Trading Share CFDs on Corporate Updates and Trading Statements

'Trading the news' has long been an approach to share and security trading as it seems to make so much sense. Of course if a company is making a good announcement the value of its shares goes up, and if the news is bad, you can expect a slump or can you?

It is undeniable that most traders use news to decide on their stock positions and they consider news more important than technical analysis or analysts forecasts. However, the fact is that such a facile approach would have everyone wealthy if it worked, so you need to use your head when deciding how to trade on the basis of corporate news and financial statements. With a little more research and some delving, trading CFDs on corporate updates and trading statements can be rewarding as long as you keep you don't overbalance yourself.

 

Major share price movements often stem from important, unexpected company news that breaks during market hours. A broker upgrade or trading results out of line with forecasts can lead to a material re-rating of the shares. One of the highest-profile examples last year was when Sir Philip Watts resigned his chairmanship of Shell soon after revealing that the company had materially overstated its 'proven' oil and gas reserves. The shares surged when this news was released on 3 March.

Some news items such as broker upgrades or bid announcements will clearly create positive sentiment towards a stock, but not all newsflow is as straightforward to assess. Directors' dealings, although valuable and widely watched, do not always create the reaction that one might expect, while trading statements and annual results can be quite difficult to assess. In other cases important economic bulletins or news releases such as the USA Federal Reserves decisions on interest rates can also have a marked impact.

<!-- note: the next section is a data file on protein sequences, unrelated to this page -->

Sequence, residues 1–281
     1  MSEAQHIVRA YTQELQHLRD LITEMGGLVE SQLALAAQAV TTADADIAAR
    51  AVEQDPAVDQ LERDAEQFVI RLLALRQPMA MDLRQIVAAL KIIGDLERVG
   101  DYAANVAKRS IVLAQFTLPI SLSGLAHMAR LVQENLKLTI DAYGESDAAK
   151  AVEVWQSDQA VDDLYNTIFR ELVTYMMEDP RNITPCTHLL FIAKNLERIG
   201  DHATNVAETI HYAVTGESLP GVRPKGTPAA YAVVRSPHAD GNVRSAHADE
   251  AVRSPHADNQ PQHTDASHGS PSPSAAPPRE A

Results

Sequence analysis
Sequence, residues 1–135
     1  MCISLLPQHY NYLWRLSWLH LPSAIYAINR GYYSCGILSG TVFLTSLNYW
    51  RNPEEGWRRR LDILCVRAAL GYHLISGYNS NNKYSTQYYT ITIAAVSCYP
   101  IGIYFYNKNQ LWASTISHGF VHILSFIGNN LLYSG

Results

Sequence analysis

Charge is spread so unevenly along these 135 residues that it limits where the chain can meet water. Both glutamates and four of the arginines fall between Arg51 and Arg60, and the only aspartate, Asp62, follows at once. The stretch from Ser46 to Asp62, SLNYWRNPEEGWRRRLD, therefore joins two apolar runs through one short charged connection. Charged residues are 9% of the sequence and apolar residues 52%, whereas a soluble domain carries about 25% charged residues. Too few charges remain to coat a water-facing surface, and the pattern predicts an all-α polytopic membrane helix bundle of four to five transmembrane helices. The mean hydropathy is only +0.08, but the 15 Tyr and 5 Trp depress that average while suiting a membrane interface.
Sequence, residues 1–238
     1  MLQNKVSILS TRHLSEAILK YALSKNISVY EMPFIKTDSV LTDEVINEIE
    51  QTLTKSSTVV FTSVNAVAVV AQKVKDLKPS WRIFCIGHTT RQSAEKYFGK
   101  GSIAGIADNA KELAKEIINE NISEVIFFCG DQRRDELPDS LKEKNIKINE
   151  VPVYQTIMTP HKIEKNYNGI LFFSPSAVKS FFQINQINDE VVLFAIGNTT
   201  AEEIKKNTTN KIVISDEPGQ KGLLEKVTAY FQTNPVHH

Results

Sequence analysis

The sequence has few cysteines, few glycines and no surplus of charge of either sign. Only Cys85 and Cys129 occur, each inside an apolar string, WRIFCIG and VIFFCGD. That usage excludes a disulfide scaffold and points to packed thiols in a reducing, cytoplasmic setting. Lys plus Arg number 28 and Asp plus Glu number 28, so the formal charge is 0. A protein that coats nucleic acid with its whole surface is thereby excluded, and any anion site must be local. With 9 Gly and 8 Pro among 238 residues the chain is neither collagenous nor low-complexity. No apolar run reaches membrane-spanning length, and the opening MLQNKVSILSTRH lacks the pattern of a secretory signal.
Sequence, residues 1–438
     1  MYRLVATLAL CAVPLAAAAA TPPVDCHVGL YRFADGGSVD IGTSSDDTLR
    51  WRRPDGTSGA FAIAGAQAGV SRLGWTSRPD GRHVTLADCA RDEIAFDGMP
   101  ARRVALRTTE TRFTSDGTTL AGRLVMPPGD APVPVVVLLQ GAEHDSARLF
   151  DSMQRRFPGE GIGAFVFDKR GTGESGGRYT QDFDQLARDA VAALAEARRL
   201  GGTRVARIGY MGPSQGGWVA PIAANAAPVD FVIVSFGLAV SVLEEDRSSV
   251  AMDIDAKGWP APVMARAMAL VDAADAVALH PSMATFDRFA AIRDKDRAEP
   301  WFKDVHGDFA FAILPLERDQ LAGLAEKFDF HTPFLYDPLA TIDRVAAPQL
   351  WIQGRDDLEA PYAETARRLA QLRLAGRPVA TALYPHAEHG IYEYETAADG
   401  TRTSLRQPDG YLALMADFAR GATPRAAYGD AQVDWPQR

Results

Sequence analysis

What is relevant to CFD traders is how to react to these types of risks and opportunities. Most online CFD providers include complimentary news feeds in their platforms to enable traders to take advantage of such opportunities. The streaming news feeds in particular are very powerful. Trading breaking news can come down to a case of fastest finger first. Those who see the announcement straight away may have the time to get in early and capture a large part of the move. This is more likely to be the case with those CFD traders who use a direct market access service but it is sometimes feasible with quote-driven providers too.

Trading Statements

The reporting season commonly refers to that time of the year when companies listed on an exchange update the market about their half yearly and yearly performance. This is also also the time of the year when companies state whether their profit forecasts are on target. Trading statements are relatively easy to incorporate in your CFD trading plan, as it is generally known in advance when the statements will be issued, and you can expect and trade around them. In the United Kingdom company financial updates such as the annual and interim results are typically released soon after 7am on the Regulated News Service. Corporate updates, however, may occur randomly, although usually you will have some warning that an announcement is going to be made.